Here’s a surprise: Since I was small enough to fit on my dad’s lap (but too big for him to want me to), I’ve kept a journal. First, it was a pretty pink book with rows as tall as telephone wires. Then it was a collection of creamy white pages bound to secrecy by a dainty silver lock. These days, it’s whichever scrap of paper is closest when my fingers start twitching.

As I write them, the words feel superfluous. I mean, if I’m feeling this right now, it just exists—forever—I think. Years later, though, the passages are lusher than granddad’s favorite Oak. Each word is a root, fat from a life spent reaching deep into the soil, back into time. When I rediscover the words, trip over them in search of something else, it’s like uncovering a superpower. I get to time-travel and sit with a young, sometimes sad, sometimes surprisingly poignant girl as she shares her deepest and darkest. Despite an unshakable tendency to replay the past as soon as it happens—when I re-read the entries, I find I don’t remember any of it.

I’m glad I don’t. Hearing the words as if for the first time, they remind me of something more important. This life, as I’m living it, isn’t a given. Sometimes, this moment’s smile had to grow from yesterday’s slippery tears.  And that’s OK.

After all, it’s a fact that the bigger the tree, the more water it needs to grow. Right?

Here, excerpted from a long-forgotten Google Drive file, is proof.

Sunday, January 31, 2010

Sitting at Vivace, my newly favorited cafe in Portland (not that I know many to compare it to…) and feeling pretty introspective. It helps that I’m sitting in a window seat, watching the hipsters meander up and down “Trendy-Third” Ave., the street I adoringly call home. I miss writing. I miss feeling creative, and well-dressed, and professional, and bustling with possibility. It feels strange to be sitting here at this cafe, because for the past month I haven’t felt much like a Portlander. I’m not sure if I ever really reached that point, but I feel acutely out of place now. I went home for Christmas on December 23, stayed for two weeks, then LDR came to visit until last week, so I’ve been kind of out of the Portland-loop for a month or so. I still have my MN plates and license, so I’m really not an Oregonian by any means, but I like to pretend.

With the number of out-of-state/towners I meet here, it seems perfectly legit to claim residency, since most people hail from somewhere else, anyway.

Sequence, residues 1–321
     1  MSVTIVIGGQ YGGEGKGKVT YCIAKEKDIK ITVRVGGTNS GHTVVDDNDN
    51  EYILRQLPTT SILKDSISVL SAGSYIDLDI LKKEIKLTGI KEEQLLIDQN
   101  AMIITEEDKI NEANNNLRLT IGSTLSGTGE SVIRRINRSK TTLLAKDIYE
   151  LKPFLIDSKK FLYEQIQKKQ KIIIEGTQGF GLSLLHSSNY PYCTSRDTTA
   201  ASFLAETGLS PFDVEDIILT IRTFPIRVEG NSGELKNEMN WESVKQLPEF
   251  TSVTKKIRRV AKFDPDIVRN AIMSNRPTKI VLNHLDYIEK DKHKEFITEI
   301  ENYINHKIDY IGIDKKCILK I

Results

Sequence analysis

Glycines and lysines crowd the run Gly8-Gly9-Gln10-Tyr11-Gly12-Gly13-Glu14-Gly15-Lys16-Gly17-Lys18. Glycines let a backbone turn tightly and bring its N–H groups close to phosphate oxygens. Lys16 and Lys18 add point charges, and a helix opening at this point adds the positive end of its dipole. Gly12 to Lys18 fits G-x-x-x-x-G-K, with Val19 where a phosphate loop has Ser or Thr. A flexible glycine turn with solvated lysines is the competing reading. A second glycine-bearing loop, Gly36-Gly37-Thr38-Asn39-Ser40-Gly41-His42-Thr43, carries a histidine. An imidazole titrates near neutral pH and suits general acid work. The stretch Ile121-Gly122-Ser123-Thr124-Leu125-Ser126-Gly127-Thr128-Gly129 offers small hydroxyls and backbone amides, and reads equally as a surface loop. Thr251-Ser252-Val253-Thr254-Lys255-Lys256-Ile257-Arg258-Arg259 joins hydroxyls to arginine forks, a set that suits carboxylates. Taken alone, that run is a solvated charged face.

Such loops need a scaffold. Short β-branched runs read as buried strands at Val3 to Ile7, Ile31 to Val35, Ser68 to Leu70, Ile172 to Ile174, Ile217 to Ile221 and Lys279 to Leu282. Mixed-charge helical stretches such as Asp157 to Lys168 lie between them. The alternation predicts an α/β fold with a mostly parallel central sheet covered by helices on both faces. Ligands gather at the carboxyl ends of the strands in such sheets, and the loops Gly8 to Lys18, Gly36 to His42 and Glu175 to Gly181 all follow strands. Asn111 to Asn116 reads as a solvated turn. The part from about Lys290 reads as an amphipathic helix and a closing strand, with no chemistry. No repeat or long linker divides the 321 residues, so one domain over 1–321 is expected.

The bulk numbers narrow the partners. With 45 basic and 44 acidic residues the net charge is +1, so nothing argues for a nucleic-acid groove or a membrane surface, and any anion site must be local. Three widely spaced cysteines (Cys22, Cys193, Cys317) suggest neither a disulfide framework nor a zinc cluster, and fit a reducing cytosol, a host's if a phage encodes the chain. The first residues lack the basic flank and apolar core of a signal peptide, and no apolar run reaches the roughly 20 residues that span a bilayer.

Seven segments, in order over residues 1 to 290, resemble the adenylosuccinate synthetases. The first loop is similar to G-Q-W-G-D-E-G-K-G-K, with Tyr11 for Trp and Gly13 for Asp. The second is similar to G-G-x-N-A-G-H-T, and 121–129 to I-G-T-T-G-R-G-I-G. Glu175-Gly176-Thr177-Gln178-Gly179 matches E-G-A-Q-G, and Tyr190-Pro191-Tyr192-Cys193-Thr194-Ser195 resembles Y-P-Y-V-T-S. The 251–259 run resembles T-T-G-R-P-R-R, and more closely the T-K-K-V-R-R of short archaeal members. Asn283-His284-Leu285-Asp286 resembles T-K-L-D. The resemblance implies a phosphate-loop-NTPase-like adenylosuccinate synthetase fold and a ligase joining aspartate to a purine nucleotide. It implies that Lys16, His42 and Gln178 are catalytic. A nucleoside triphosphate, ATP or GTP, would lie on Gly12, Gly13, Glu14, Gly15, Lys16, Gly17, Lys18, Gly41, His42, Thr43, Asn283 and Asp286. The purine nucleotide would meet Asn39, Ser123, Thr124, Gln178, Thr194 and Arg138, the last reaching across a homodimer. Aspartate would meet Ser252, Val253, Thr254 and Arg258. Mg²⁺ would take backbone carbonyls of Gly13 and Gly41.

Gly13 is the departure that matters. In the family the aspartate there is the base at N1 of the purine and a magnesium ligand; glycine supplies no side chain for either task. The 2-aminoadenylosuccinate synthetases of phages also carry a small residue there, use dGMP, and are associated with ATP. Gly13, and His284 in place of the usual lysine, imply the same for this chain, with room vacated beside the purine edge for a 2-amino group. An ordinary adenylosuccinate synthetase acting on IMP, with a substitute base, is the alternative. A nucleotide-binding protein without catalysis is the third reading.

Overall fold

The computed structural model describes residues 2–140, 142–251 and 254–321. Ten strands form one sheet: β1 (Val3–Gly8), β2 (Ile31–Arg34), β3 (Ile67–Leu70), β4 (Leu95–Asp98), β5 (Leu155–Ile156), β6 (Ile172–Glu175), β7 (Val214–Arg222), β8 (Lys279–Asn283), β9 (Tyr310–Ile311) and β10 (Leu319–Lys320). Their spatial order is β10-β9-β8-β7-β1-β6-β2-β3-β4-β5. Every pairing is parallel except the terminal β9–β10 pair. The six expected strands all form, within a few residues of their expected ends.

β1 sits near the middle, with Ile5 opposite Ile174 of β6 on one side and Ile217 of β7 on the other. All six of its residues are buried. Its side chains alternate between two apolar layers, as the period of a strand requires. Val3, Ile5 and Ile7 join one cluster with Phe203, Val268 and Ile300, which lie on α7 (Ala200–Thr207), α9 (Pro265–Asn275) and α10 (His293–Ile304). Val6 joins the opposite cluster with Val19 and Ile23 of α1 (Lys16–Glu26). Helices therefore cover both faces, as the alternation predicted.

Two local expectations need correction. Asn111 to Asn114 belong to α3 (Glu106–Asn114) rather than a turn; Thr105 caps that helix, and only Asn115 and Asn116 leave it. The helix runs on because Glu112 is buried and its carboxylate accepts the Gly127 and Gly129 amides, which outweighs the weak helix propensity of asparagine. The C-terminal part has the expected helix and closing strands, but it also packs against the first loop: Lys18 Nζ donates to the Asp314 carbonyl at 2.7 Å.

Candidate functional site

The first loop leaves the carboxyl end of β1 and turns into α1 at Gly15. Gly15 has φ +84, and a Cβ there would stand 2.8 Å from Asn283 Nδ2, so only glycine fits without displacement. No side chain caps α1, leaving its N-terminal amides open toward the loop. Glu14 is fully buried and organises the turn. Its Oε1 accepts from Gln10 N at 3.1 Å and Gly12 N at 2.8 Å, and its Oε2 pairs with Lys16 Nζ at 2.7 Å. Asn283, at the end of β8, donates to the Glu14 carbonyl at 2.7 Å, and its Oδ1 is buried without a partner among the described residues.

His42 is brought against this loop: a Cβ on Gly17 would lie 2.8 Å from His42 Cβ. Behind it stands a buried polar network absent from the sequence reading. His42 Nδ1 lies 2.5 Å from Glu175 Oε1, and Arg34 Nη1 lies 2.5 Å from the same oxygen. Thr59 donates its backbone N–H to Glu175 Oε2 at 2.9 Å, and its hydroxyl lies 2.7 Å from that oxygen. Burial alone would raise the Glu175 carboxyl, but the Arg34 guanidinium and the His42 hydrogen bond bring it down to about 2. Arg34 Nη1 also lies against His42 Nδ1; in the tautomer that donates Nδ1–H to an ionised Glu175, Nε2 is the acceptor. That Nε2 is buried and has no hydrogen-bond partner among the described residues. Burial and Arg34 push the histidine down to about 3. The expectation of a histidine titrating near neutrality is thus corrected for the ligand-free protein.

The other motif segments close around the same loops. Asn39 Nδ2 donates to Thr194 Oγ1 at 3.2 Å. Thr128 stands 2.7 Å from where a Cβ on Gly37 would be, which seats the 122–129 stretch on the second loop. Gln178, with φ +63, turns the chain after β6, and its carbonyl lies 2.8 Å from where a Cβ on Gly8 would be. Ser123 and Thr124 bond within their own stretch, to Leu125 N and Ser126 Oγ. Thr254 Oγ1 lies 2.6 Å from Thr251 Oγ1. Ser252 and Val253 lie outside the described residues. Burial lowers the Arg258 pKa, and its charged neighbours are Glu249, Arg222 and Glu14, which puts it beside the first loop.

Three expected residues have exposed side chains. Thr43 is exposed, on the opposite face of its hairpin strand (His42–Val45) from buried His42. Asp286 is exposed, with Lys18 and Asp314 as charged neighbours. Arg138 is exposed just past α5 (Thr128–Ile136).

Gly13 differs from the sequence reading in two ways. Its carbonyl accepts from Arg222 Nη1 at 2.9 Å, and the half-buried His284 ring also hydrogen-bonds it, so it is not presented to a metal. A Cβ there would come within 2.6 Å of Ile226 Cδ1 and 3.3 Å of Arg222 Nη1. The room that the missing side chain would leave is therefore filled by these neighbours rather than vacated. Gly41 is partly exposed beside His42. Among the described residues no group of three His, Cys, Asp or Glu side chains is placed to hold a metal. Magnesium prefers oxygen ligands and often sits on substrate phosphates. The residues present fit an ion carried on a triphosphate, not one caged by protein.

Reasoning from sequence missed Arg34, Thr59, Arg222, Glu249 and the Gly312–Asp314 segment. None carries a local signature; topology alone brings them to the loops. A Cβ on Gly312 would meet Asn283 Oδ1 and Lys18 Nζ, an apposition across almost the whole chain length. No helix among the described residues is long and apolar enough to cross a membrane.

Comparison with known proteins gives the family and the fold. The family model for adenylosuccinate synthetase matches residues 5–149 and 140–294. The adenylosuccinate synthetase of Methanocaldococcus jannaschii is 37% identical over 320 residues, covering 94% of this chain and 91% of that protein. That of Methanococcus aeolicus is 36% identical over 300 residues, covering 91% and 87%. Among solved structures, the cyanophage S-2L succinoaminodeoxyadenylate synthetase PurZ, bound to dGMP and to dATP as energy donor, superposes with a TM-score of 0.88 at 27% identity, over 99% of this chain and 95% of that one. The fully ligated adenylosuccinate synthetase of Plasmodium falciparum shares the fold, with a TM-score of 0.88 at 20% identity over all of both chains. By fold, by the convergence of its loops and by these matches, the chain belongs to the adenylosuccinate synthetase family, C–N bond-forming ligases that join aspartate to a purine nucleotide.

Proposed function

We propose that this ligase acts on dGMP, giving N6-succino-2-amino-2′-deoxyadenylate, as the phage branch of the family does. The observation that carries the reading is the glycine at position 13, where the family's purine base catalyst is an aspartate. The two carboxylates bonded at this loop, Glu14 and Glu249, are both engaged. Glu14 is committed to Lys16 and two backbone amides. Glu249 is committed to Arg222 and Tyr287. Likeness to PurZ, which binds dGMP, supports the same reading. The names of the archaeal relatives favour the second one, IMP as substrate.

Yesterday, and the day before, I came to Viv (as LDR and I—annoyingly?—refer to it) to crank out application after grovel-y application. It’s pretty much my MO on weekends to stake out a table by a window at a cafe and spend hours begging for a job, better pay, a presumably happier life. Frankly, I’m beginning to wonder if it’s really my job I hate so much, or just the monotony of American, middle-class life in general. When I’m at work, I feel dirty and gross and can’t stand the screaming children (the intensity of my emotion increases in direct correlation to how young the kids are) but refuse to admit my day goes by pretty quickly. Once the day is over, it is 6 p.m. and dark, with nothing to do but either coop myself up in the gym or go home and veg, but overall, my days aren’t filled with that brain-numbing static of staring at a computer screen in an all-too-quiet office with stuffy middle-agers who are just as sad about their lives as I am. It makes me wonder. Will I be happier in a different kind of job? (Look at me, saying “will” as if it’s a given I’ll get out of the daycare and into an office gig.) I’ll at least be making more money, which should afford me a few more things, furniture, for one, but any more happiness?

I’m not sure what got me on this topic, seeing as I’m actually pretty content today. LDR and I sorted out a lot of our gunk, he says things like “when we live together” and I feel really safe letting that make me all tingly. I was asked out both yesterday and the day before while sitting here at Viv, flinging out these resumes, and I had a great night at someone-who-I-think-will-be-a-good-friend’s house last night. Life is pretty good, when I look at it like that.

There are things—particularly money things—that make me want to cocoon myself in bed and never come out, but I don’t want to to talk about those today. Once I start, it consumes me, and that’s not the point of today. Not my weekends. Not my time to be clean, fun, happy—human.